Many new cars now come with a DAB radio factory-fitted. For owners of older cars, however, the lack of a digital radio may eventually become a problem with the government committed to switching completely to digital once certain criteria are met, possibly as early as 2020. Even before then, you may wish to change to digital radio to receive extra digital-only channels such as Kisstory, BBC 1Xtra, Planet Rock and so on.
Upgrading using an adapter
Rather than replace the existing radio, it might be easier to fit a DAB adaptor instead. These units have a separate aerial and work by either transmitting digital radio through a spare FM frequency or by plugging in to the aux-in socket, which generally gives a better sound quality.
Replacing your radio
If you really want a replacement DAB radio, however, it is a more complex process and may not be possible. Most car radios fit into a standard DIN slot that measures 2⅛ inches (5 centimetres) by 7⅛ inches (18 centimetres). If the radio has the standard DIN rectangular shape and size, and there’s a continuous gap between it and the dashboard, it probably can be removed and replaced.
Other car radios with a bigger screen and more features occupy a double DIN slot that’s twice the size. Fitting a new DAB radio is possible in these situations although you may need an adaptor kit that incorporates a fascia with a tray space.
Factory-fitted radios in some cars have a more sculpted shape while others are integrated into the dashboard and can’t be removed. In these cases, an adaptor may be the only solution.
What Aerial Do I Need?
Any DAB radio you fit will probably have separate connections for digital and analogue aerials. Most come with an aerial that sticks to the interior of the windscreen and so is easy to fit with no drilling of holes. However, reception might be poor unless there is a strong signal.
Better quality sound will be achieved by an aerial fitted to the roof, typically with a magnetic mount that will hold it in place at high speeds. The cable is routed through a door or the boot opening, but this can lead to water leaks if not fitted carefully. An alternative option is to replace the existing aerial, although this can be a complex process with the need to hide the cabling under the interior roof lining.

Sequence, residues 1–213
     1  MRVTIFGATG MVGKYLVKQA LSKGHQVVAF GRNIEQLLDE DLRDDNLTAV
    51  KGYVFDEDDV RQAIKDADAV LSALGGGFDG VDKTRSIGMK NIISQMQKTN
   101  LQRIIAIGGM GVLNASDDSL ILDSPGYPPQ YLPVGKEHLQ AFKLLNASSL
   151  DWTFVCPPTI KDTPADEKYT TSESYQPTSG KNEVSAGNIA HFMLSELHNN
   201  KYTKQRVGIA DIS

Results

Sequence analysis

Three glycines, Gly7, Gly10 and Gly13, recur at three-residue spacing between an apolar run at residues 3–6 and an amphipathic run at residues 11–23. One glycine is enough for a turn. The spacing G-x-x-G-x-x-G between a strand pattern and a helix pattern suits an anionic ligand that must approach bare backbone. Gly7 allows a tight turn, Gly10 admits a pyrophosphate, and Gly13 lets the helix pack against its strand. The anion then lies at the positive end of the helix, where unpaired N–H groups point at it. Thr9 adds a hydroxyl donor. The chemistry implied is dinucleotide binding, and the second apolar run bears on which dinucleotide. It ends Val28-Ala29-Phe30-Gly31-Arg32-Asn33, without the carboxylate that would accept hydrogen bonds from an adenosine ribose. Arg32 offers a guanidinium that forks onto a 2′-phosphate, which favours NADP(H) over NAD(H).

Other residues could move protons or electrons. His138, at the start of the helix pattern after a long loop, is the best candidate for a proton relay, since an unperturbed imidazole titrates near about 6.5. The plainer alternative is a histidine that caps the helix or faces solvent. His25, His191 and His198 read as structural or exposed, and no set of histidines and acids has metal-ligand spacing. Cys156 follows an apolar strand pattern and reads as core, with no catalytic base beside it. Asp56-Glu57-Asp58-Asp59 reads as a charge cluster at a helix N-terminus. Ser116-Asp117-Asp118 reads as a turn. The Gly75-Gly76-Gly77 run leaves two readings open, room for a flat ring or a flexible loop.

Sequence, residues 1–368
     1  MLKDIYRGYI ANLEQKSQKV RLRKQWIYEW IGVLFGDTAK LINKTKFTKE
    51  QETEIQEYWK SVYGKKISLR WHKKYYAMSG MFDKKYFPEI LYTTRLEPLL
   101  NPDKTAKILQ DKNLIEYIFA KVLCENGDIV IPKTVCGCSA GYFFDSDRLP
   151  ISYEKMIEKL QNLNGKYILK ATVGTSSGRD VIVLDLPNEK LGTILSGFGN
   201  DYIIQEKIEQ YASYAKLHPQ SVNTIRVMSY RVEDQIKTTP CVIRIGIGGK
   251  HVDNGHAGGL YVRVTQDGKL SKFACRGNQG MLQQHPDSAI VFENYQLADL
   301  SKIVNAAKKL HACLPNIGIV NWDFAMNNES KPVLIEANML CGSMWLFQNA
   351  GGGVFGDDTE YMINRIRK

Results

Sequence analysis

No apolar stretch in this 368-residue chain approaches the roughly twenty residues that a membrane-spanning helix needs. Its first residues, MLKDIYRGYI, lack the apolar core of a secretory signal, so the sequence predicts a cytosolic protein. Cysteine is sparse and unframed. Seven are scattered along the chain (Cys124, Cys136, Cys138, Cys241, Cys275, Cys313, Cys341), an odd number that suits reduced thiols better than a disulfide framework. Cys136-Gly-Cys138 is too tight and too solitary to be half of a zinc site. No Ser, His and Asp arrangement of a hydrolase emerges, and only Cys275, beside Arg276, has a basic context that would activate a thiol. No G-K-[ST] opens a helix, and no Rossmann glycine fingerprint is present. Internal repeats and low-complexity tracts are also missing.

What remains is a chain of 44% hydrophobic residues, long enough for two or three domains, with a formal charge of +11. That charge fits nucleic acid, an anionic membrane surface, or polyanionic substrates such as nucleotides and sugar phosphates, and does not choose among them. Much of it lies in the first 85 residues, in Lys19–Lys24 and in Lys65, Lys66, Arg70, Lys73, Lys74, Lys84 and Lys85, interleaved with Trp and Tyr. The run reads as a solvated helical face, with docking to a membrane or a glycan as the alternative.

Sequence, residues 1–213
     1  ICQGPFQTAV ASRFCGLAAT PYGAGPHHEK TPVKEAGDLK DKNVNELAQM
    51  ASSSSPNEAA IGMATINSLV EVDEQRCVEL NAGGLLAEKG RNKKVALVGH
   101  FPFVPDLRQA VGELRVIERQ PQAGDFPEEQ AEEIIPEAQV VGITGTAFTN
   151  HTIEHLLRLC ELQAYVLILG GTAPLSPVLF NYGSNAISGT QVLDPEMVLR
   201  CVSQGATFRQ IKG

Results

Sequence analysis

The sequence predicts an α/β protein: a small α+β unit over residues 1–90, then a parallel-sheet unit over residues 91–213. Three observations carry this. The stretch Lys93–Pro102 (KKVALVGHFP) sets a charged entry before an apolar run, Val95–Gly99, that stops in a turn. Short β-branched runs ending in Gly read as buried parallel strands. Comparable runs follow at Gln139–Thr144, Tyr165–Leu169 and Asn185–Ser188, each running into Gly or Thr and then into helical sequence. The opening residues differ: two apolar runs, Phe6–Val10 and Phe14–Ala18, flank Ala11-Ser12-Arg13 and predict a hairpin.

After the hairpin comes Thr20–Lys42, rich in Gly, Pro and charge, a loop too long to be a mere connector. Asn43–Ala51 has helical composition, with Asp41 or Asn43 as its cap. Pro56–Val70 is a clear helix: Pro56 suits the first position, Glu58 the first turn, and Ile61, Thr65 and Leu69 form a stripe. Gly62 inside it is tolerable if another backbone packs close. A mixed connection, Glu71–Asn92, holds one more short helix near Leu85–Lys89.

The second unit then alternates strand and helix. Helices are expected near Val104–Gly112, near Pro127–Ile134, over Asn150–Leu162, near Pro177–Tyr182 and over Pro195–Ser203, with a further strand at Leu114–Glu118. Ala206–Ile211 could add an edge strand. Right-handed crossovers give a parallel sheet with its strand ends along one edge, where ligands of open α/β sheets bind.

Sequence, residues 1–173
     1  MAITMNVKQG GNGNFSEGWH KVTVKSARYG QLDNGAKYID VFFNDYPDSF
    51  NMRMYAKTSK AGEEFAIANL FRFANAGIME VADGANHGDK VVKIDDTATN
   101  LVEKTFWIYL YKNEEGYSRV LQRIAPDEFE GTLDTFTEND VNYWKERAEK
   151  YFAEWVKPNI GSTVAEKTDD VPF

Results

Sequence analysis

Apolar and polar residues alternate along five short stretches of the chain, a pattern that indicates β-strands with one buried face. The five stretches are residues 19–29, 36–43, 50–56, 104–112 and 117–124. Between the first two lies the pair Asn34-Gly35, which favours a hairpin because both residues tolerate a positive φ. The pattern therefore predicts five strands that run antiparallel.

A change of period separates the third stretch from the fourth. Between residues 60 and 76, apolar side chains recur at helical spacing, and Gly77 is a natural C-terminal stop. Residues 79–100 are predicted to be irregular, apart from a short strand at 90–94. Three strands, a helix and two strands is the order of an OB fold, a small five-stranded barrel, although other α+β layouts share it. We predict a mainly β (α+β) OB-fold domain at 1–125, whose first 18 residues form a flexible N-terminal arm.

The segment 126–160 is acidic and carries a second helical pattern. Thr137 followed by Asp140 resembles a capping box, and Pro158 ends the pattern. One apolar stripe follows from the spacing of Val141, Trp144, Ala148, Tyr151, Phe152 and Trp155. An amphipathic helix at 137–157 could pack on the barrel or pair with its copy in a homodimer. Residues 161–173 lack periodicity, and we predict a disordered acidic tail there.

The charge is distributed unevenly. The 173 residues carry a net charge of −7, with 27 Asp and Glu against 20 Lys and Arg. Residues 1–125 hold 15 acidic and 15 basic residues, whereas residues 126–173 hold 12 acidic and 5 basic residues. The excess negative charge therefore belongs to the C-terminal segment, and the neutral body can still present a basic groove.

In some cars, the aerial may be integrated with another feature or may be used for GPS purposes. In these cases, you won’t be able to replace the aerial but will have to use a separate aerial for the DAB radio.
Choosing Your DAB Radio
Once you’ve determined the radio can be replaced and the options to do it, you need to decide on the radio you want. This may depend on the space you have available since a single DIN size will have a limited display screen while a double DIN model can provide a touch screen with more information and controls.
The amount of functionality and connectivity can also influence your choice, some radios providing FM and very occasionally AM reception as well as DAB. You may also get an aux-in socket, USB connection, a CD player, support for iPods and iPhones, and built-in Bluetooth. This will determine what you can play through your radio as well as enabling hands-free ‘phone calls.
Can I Install it Myself?
Although a new radio and components will come with fitting instructions, it’s not a simple process to fit a DAB radio, an aerial and connect everything together so it works properly. If you’re not sure what you’re doing, you risk damaging your car and ending up with a radio that doesn’t work.
If you’re not totally confident about fitting the radio, it’s a job that’s best left to experts. There are plenty of audio installers around who are more than capable of doing the job. And, if you consult them early enough in the process, they will be able to advise you what you can do and the best way to do it, possibly saving you money and some heart-ache in the long-term.
Halfords offer a car audio fitting service, though a local garage might do it for less.
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